By Anthony Stamper, Denver Department of Environmental Health
This was originally published as an op-ed in The Hill newspaper.
On December 1st, communities across the nation will commemorate World AIDS Day. First memorialized in 1988, World AIDS Day offers the opportunity for people worldwide to unite in the fight against HIV, show support for people living with HIV, and remember those who have died. We know that in the U.S. the number of people living with HIV and AIDS is concentrated in cities, and that cities are also the most ambitious leaders in the fight against the disease. This World AIDS Day, Denver can report some major victories in fighting the disease that policy makers at every level should study carefully.
Our success begins with setting audacious goals. Denver joined a number of other major American cities in adopting some of the most ambitious targets in the world to end HIV and AIDS. In 2014, the Joint United Nations Programme on HIV/AIDS (UNAIDS), launched the Paris Declaration Agreement in an effort to dramatically reduce new HIV infections and future AIDS-related deaths through increasing testing, treatment and education.
We committed to meet the following targets:
- 90% of people living with HIV know their HIV status.
- 90% of people who are HIV-positive are in care.
- 90% of people who are in care have suppressed viral loads.
- Zero discrimination, including stigma.
Denver’s ambitious commitment to ending HIV and AIDS goes beyond these targets, which are collectively known as the “90-90-90” strategy. We have also committed to ending the AIDS epidemic by 2030. While it may sound ambitious, Denver is one of the most well-positioned to succeed thanks to our collaborative efforts with the Colorado Department of Public Health and Environment to plan HIV prevention and care activities and develop measures of implementation and outcomes via the Colorado HIV/AIDS Strategy.
Historically, our city has been on the forefront of clinical research on the virus, helping to form the building blocks of what would become the 90-90-90 strategy. In 1983, the Denver Principles were established, laying the foundation for the notion of self-empowerment in care. These guidelines have since influenced the doctor/patient relationship in every disease category, benefiting millions of patients. In 2011, HIV physician and researcher Dr. Edward Gardner observed that for individuals with HIV to fully benefit from antiretroviral therapy, they need to first be diagnosed as HIV positive, be engaged in regular care, and receive and adhere to effective antiretroviral therapy to ultimately achieve viral suppression. This is known as the HIV Continuum of Care.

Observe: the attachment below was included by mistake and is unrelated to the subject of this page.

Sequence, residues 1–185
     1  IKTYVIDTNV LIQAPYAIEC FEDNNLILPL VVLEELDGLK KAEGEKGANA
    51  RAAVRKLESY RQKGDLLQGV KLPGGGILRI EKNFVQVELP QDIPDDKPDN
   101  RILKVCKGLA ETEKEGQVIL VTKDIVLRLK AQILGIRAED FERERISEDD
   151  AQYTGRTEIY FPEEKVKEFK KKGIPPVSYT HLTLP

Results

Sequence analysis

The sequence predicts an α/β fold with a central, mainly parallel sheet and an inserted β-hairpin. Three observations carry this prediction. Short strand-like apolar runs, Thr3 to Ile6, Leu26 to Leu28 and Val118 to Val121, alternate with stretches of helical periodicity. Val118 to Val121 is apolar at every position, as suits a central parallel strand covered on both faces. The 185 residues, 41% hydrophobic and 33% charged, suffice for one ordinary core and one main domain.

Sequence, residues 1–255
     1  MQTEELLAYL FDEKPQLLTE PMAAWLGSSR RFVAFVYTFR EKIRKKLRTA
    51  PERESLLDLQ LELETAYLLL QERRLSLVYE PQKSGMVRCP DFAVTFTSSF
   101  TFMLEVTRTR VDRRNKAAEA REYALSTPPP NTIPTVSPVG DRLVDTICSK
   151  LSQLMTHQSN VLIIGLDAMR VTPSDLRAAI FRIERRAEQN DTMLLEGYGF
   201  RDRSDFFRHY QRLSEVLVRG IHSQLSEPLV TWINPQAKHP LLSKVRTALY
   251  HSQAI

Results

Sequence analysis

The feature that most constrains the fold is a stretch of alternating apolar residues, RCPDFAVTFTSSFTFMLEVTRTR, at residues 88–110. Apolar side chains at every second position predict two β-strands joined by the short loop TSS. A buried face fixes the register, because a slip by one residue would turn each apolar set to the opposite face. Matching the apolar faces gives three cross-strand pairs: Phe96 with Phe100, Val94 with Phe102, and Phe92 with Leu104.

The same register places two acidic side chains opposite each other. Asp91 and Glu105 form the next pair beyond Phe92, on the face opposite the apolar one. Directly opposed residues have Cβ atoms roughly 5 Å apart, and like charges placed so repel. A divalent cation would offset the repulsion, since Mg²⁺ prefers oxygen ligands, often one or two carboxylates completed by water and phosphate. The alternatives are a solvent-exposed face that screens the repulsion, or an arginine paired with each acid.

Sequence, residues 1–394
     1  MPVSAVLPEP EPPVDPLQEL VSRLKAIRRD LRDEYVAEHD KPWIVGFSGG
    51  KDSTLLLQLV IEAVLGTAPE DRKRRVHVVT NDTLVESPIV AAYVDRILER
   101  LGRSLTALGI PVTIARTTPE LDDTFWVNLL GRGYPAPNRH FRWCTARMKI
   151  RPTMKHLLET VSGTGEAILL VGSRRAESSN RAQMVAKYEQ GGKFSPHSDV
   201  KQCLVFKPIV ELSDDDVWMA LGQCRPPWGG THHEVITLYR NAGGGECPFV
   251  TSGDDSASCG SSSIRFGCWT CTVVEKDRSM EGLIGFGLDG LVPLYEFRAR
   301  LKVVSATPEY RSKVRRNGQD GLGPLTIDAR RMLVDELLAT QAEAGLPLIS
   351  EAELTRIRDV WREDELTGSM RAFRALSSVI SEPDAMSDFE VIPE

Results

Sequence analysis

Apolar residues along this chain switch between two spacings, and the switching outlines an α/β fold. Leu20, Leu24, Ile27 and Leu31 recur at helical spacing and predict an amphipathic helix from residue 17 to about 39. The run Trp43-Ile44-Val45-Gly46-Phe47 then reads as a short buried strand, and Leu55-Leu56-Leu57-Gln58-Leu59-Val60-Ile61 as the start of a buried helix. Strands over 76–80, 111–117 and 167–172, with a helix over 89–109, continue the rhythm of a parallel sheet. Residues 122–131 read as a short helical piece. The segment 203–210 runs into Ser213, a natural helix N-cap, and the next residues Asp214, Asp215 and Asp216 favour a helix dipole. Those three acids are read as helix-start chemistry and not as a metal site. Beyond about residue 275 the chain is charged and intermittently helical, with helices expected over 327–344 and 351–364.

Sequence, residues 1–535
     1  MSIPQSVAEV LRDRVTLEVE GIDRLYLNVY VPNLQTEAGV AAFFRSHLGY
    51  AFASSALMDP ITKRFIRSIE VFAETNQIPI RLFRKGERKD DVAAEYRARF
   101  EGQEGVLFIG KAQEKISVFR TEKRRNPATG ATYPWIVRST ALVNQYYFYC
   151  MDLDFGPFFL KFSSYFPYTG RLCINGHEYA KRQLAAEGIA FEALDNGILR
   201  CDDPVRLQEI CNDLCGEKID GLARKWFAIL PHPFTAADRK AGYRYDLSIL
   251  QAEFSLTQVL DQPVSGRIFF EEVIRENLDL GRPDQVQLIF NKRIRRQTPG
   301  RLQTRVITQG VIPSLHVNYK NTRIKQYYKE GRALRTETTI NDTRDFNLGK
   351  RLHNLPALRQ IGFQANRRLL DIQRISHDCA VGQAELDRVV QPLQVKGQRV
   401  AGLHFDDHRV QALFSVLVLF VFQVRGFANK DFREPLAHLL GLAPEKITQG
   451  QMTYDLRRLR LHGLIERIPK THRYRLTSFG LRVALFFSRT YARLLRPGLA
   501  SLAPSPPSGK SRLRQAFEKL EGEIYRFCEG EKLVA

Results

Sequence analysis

In 2013, President Obama established the HIV Care Continuum Initiative, directing federal departments to prioritize addressing the HIV Care Continuum as they continue to implement the National HIV/AIDS Strategy.
This work is beginning to pay off. The number of people newly diagnosed with HIV in Denver is the lowest it has been since the epidemic began. Earlier this year, Denver achieved the goal of having 90 percent of people living with HIV know their HIV status, and joined San Francisco, Amsterdam, Paris, and Kyiv inpublishing 90-90-90 datadocumenting attainment of the first target. Just this week, Denver announced the achievement of another goal: 90% of those diagnosed and in HIV care will have suppressed viral loads.
Today, as we remember those lost to HIV/AIDS, it’s important to also celebrate the achievements of advocates and providers, support those at risk for or living with HIV, and continue to set audacious goals to achieve an AIDS-free generation.
Anthony Stamper, MPA, MURP, is the Program Manager of the Denver Office of HIV Resources within Denver's Department of Environmental Health, and is a member of the Big Cities Health Coalition. The Denver Office of HIV Resources administers $7.9 million in Ryan White Part A funds for the Denver Metro area to provide care services for people living with HIV.